SEARCHERS have confirmed the death of the sole occupant of a single-engine Cessna light aircraft that crashed near Injune.
The family of 49-year-old Roma man and Norwich Park miner Darryl Marsh had been notified late yesterday of the discovery after an intensive land and air search that included parts of the Central Highlands and areas south of Rolleston.
His plane had been missing for more than 24 hours after he left Roma at 2.50pm Wednesday and failed to arrive in Dysart.
He was due to start work at 6am yesterday at the coal mine.
The Australian Maritime Safety Authority said the plane was located at 3.10pm yesterday, more than 24 hours after Mr Marsh left his hometown of Roma.
An AMSA spokeswoman said the crash site was located using triangulation of the man's mobile phone.
A spokeswoman confirmed a number of aircraft in the area had picked up a weak emergency beacon about midday but searchers relied upon mobile phone tower triangulation to pinpoint the location.
She said 11 helicopters and six fixed-wing aircraft had been deployed in the search with more than 20 aerial observation crews onboard.
Queensland police and the Australian Transport Safety Bureau will investigate the crash, the spokeswoman said.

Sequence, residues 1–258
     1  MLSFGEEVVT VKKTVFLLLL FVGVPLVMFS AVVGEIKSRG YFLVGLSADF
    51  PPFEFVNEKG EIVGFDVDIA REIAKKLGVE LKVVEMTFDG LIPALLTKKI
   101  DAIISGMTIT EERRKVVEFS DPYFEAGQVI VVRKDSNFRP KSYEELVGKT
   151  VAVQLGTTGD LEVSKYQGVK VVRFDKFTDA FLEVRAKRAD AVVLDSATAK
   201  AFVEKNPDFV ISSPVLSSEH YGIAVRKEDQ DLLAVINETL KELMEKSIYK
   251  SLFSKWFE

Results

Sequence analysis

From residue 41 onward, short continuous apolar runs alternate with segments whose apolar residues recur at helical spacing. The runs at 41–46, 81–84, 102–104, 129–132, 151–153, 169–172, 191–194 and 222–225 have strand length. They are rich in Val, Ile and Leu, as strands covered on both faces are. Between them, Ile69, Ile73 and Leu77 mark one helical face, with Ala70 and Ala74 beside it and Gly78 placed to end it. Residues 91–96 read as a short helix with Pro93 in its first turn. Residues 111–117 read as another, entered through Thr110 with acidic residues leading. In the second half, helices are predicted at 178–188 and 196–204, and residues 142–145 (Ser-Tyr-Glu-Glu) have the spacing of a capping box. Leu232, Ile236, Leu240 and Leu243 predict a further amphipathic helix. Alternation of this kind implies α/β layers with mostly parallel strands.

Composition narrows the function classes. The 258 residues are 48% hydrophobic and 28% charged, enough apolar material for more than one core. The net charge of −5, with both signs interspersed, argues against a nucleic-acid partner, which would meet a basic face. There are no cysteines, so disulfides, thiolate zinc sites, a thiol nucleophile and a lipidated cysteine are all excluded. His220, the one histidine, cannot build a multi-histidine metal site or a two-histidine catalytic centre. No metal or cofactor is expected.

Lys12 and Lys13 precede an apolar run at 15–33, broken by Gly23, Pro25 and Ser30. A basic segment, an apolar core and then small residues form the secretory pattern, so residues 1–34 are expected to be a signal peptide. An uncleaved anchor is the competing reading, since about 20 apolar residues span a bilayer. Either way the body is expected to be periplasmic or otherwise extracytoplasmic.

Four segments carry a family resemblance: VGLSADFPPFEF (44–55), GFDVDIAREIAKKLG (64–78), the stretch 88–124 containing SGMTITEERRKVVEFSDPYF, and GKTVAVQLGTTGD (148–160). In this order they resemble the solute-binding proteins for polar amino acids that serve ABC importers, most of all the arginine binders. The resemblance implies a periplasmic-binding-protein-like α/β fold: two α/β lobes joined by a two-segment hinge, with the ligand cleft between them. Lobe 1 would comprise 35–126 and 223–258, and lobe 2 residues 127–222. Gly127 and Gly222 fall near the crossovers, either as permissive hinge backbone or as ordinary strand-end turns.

The Australian Maritime Safety Authority put the alert out yesterday morning after the plane failed to arrive in Dysart on Wednesday evening.
Emergency Management Queensland regional director for the central region Wayne Hepple said four Emerald-based SES volunteers had assisted in the search.
Bureau of Meteorology weather forecaster Tony Auden confirmed a severe weather warning was issued for the area surrounding Rolleston and the Carnarvon Gorge.
Mr Auden said strong storm conditions were common in the area due to the mountainous terrain, and rainfall was reported in the region from midday on Wednesday.
"Bigger storms developed at about 2pm to 3pm with lightning and the possibility of developing into more severe storm cells with stronger winds and large hail," he said.
He said the recorded 30kmh winds reported were not uncommon or unusual for the region.
An experienced Central Queensland pilot yesterday said it was mandatory for pilots to lodge flight plans with aviation bodies before flying, particularly over mountainous terrain such as the Carnarvon Gorge.
Mr Marsh' daughter Anita Dwyer told APN her father regularly flew himself to work, returning home during his time off.
She said her mother was trying to return from a holiday in Europe upon hearing the news.
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